First published in The Huffington Post
Looking back over almost half a century of spiritual practice, I sometimes ask myself what was the greatest challenge, the most difficult lesson. On the spiritual quest we are faced with our love and longing, our darkest fears, our failings. We are taken into the darkness and then into the light. I do not believe that there is anything so demanding or exhilarating as this inner journey. And yet more and more I return to something so simple and essential, and almost unbearably difficult: learning to bow down before God.
As Rumi, the thirteenth-century Sufi mystic, tells us, "There are a hundred ways to kneel and kiss the ground." Each in our own way we have to learn to bow down, to want nothing for ourself. But what does it mean to want nothing for oneself?
One of the dangers of much contemporary spirituality is a focus on personal fulfillment, on living a richer and more meaningful life. The inner journey does give us access to a depth of meaning that a focus solely on the outer, physical world, denies us. But central to mystical life is the understanding of spiritual or mystical poverty, a state of inner emptiness or surrender, of offering oneself completely. Again to quote Rumi,
Last night my master taught me the lesson of poverty
Having nothing and wanting nothing.
So simple and so difficult, this wanting nothing for oneself. For many years I wondered at the saying of Christ's in the Sermon on the Mount, "Blessed are the poor in spirit, for theirs is the kingdom of heaven." Known as one of the "Beatitudes," the idea of poverty of spirit mystified me until I began to understand how essential our inner poverty is before God, that we are nothing, that we have nothing of real worth to offer God except our surrender, our bowing down. In a culture dominated by acquisition, by images of material and even spiritual self-worth, it can be difficult to understand the deeper value of "having nothing and wanting nothing." But in my own experience it is this inner longing, this "poverty of spirit" that allows us to live in the presence of God, that enables us to be of service. All we can ever be is an empty cup waiting to be filled. This is echoed in a Sufi prayer, "I offer to Thee the only thing I have, my capacity to be used by Thee."
Meditation, longing, and prayer can take us to this inner space, this place that is deep within the heart of each of us. Here in the silence of our innermost being is a state of divine receptivity, part of the feminine mystery of the soul: how it bows down before God. Whatever inner experiences we are given on the path — experiences of love and light, longing and pain, the peace or bliss of our divine nature — we are finally taken to this place. It is our natural state of inner surrender, a state of service to God.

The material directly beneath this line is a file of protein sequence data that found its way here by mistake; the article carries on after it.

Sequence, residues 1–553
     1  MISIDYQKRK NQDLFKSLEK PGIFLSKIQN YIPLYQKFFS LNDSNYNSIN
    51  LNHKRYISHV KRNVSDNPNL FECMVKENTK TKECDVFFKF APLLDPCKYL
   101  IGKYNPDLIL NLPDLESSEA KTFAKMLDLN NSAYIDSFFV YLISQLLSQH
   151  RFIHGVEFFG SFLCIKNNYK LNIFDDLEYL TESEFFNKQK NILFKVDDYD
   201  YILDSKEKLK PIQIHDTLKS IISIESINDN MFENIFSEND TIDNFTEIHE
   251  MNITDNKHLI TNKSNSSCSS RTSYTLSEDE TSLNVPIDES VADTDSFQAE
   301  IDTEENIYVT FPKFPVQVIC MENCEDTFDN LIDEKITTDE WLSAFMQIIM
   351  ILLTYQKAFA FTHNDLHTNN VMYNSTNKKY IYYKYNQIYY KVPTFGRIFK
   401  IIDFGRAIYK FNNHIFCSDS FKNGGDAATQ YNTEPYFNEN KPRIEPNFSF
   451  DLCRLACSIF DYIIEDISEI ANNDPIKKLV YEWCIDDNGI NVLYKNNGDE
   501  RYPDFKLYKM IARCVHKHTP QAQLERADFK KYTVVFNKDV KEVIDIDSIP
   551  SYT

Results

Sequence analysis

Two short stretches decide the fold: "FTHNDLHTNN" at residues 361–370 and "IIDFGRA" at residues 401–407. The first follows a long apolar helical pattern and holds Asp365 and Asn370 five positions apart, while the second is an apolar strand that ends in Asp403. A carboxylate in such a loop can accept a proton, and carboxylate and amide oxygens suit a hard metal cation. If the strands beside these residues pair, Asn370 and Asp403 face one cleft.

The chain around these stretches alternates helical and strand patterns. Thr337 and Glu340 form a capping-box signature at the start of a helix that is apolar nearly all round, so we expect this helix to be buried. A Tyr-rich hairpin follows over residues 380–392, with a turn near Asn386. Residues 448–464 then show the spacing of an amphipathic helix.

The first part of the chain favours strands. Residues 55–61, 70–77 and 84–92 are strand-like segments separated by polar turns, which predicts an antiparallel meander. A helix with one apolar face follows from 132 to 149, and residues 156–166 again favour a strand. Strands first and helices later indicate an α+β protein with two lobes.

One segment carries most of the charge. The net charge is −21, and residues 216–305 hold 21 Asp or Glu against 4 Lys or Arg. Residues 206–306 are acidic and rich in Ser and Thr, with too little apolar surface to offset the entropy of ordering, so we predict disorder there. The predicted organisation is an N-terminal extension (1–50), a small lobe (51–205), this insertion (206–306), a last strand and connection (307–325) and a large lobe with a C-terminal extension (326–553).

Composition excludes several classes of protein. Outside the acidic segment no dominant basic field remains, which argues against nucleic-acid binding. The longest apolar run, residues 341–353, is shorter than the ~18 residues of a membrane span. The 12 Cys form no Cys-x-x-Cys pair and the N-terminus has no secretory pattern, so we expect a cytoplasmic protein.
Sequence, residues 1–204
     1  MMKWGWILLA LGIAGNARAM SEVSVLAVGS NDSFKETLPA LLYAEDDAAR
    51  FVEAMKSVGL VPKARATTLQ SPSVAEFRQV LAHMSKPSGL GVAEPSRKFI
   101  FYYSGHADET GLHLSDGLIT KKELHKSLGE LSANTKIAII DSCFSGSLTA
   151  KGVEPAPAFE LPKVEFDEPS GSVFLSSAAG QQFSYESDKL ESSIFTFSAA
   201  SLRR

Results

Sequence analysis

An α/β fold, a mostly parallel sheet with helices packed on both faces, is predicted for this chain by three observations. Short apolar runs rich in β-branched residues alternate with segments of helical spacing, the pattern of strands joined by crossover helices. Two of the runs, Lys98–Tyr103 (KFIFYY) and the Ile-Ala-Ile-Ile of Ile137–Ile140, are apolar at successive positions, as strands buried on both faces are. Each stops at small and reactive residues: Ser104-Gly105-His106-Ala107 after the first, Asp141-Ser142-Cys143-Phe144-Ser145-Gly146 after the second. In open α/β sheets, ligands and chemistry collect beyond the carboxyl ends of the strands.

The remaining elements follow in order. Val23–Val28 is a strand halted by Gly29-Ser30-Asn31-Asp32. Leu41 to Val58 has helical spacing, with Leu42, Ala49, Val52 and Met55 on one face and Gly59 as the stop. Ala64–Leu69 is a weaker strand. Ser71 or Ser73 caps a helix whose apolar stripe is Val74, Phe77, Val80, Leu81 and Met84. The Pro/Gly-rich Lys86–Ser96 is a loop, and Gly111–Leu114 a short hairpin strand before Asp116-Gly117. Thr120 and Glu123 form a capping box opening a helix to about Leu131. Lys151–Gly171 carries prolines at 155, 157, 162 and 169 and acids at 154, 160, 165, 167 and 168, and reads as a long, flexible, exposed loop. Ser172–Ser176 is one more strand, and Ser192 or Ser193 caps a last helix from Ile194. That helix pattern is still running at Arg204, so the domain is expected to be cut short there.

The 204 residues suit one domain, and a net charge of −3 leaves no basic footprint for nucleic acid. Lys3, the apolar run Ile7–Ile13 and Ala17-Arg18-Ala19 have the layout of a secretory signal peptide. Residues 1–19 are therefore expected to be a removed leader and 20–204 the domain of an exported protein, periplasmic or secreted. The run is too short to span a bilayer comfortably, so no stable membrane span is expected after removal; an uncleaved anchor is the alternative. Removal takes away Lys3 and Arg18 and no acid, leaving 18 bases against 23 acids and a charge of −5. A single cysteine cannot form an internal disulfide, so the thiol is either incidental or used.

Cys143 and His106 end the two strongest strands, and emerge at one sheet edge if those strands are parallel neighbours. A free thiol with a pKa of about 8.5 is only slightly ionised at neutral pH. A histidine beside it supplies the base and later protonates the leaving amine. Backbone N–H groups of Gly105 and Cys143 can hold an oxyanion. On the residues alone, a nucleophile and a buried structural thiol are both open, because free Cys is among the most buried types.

We all carry this secret in our inner being, but the challenge for each of us is to live this in our daily life, particularly in a culture that celebrates the ego and its accomplishments. How can we bow down before God in the midst of life's many demands? Outwardly we can aspire to live as simple a life as possible, though even this is not easy if our outer life requires that we drive a car, have a mortgage and healthcare to pay for — even having a computer seems almost an essential part of today's life! An uncluttered outer life can give us more space for an inner life, and for the time and attention this requires. But real poverty of spirit is an inner attitude, an inner recognition that only the deep connection in the heart can fulfill us, can meet our deepest needs. In essence it is a constant state of prayer, an inner emptiness that we carry with us, this space for the divine that is present amidst our daily activities, our work and family, shopping and cleaning, laughing and making love.
Spiritual poverty is not a denial or renunciation of life's pleasures, its joys or sorrows. As one Sufi wrote, "It is turning away from everything that is not God, but there is not anything that is not God!" Rather it is a celebration of the divine that is present within everything, within every smile and every tear. Bowing down before God we give space for the love within our own heart and within all that exists.
The mystical path takes us to the center of life and to the center of our self. It is a simple way to live, awake to the oneness of love. In the words of an ancient prayer:
At Thy Command Only
Will I Carry Out the Pilgrimage of Life
For the Love of All Created by Thee
and for Thy Glory.